Selenium and Thyroid Autoantibodies
CHRONIC AUTOIMMUNE thyroiditis with euthyroidism or hypothyroidism is a common disease, affecting more than 10% of females and 2% of males. There are several explanations for the development of this disease. There is a genetic background, as patients with human leukocyte antigens DR3 and DR5 and polymorphism of the cytotoxic T lymphocyte A4 promoter are more susceptible to the development of autoimmune thyroiditis compared with the normal population. There also are environmental factors, such as iodide intake, immunotherapeutic agents, or viral infections, that may initiate the disease (1).
In areas with combined endemic selenium and iodine deficiency, the supplementation of iodide alone leads to myxedematous cretinism (2, 3), which is defined by not only fetal hypothyroidism, but persistent hypothyroidism from early life. The thyroid of these patients is small and firm, suggesting fibrotic degeneration initiated by thyroid cell damage (4). The cause of this cell damage has been further investigated in animal studies. In severe selenium deficiency, the activity of the selenoenzyme glutathione peroxidase (GPx) is decreased, and therefore peroxide cleavage within the thyroid cells is diminished. Severe nutritional selenium deficiency therefore leads to an increased rate of thyroid cell necrosis and invasion of macrophages (5, 6). Whether this also may induce a higher incidence of autoimmune thyroiditis is unknown. It may be assumed, however, that thyroid cell damage may initiate or maintain autoimmune thyroiditis, especially in patients susceptible to the development of autoimmune diseases (7).
Furthermore, selenium has an important impact on immune function (8, 9). Selenium deficiency is accompanied by loss of immune competence. Both cell-mediated immunity and B cell function can be impaired. This might be related to the fact that the selenium-dependent enzymes, GPx and thioredoxin reductase (TxR), have antioxidative effects; they decrease free radical formation and reduce hydrogen peroxide and lipid and phospholipid hydroperoxides (9). In selenium-sufficient environment, the hydroperoxide intermediates of the cyclooxygenase and lipoxygenase pathways are therefore reduced and lead to diminished production of proinflammatory PGs and leukotrienes (10). In addition, both GPx and TxR modulate the respiratory burst and reduce superoxide production (11, 12, 13).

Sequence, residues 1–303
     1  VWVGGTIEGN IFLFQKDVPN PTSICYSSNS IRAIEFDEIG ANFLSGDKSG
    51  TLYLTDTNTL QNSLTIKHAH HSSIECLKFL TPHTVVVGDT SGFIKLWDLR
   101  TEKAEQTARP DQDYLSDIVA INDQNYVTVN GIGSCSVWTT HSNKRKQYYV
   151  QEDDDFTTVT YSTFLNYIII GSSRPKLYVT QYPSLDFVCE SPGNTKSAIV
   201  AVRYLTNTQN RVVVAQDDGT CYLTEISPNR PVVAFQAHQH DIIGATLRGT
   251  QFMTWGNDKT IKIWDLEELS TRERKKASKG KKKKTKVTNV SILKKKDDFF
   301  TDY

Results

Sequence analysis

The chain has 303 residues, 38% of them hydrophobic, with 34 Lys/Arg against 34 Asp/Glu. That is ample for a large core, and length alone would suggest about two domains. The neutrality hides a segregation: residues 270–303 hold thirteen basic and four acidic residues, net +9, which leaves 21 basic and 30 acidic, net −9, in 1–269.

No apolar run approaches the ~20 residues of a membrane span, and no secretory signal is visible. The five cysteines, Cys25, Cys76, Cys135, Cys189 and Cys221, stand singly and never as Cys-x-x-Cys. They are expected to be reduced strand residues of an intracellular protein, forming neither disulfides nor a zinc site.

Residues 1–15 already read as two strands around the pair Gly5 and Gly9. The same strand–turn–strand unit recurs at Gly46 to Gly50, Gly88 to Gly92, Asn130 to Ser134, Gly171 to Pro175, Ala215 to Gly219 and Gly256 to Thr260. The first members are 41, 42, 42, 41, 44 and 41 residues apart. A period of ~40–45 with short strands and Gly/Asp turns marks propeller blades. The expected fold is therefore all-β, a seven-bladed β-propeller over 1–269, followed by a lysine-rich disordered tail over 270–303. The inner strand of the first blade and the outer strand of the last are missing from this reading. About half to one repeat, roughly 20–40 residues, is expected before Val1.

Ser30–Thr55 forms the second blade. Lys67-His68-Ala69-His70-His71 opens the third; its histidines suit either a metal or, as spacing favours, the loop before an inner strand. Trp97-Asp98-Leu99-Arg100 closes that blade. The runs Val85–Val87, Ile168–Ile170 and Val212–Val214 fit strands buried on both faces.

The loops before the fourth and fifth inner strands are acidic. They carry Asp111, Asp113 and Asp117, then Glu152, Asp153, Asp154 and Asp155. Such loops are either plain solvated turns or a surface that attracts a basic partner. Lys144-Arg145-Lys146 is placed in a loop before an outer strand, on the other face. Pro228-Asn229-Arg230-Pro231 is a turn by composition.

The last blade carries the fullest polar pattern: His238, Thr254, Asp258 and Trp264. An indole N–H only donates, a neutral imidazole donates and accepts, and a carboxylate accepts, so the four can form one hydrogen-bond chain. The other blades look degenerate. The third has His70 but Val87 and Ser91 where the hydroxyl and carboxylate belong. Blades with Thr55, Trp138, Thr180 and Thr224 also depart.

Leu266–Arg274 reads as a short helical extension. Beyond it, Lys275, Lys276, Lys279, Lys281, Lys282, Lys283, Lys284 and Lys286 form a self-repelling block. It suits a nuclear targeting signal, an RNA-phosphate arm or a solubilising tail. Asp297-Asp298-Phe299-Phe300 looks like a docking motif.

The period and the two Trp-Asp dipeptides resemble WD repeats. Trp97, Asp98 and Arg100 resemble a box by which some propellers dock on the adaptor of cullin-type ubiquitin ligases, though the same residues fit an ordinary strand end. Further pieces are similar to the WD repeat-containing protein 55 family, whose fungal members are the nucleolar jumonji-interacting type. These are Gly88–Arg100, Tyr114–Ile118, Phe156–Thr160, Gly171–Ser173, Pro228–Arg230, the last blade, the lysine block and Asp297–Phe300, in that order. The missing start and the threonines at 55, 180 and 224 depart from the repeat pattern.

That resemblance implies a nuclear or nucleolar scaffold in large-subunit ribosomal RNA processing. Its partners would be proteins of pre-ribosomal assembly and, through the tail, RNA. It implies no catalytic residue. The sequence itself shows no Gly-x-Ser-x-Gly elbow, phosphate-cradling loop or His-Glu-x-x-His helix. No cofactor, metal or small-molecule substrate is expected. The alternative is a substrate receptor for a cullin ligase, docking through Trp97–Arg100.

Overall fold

The possible therapeutic effect of selenium has already been shown in a double blind, randomized trial in patients with rheumatoid arthritis, in whom the supplementation of 200 µg selenium for 3 months significantly reduced pain and joint involvement (14). Selenium supplementation of 500-1000 µg has also been shown to improve survival in patients with hemorrhagic pancreatitis (15) and severe sepsis (16), which may be due to the antiinflammatory effect of a higher selenium supply.
The three known deiodinases also are selenium-dependent enzymes (11, 17, 18, 19). Their activity, however, in contrast to GPx activity, is only decreased in extremely severe selenium deficiency. T4 plasma concentrations are then elevated, and selenium supplementation lowers T4 and increases T3 concentrations (20).
In Germany, there is mild iodine deficiency (21) as well as mild selenium deficiency, as in most European countries (22). As selenium deficiency may influence both the immune response as well as peroxidation of thyroid cell components, it seems reasonable to investigate whether a selenium substitution may influence the natural course of chronic autoimmune thyroiditis (23). There is one small pilot study showing a significant decrease in both thyroid peroxidase antibodies (TPOAb) as well as TSH receptor antibody concentrations in patients with lymphocytic autoimmune thyroiditis (24). We therefore conducted a blinded, placebo-controlled study in patients with chronic autoimmune thyroiditis to show whether supplementation with 200 µg (2.53 µmol) sodium selenite has any effect on plasma TPOAb concentrations, free thyroid hormones, and the ultrasound pattern of the affected thyroid in patients with overt autoimmune thyroiditis.
Gärtner R, Gasnier BC, Dietrich JW, Krebs B, Angstwurm MW.
Selenium supplementation in patients with autoimmune thyroiditis decreases thyroid peroxidase antibodies concentrations.
J Clin Endocrinol Metab.
Department of Endocrinology, Medizinische Klinik Innenstadt, University of Munich, D-80336 Munich, Germany.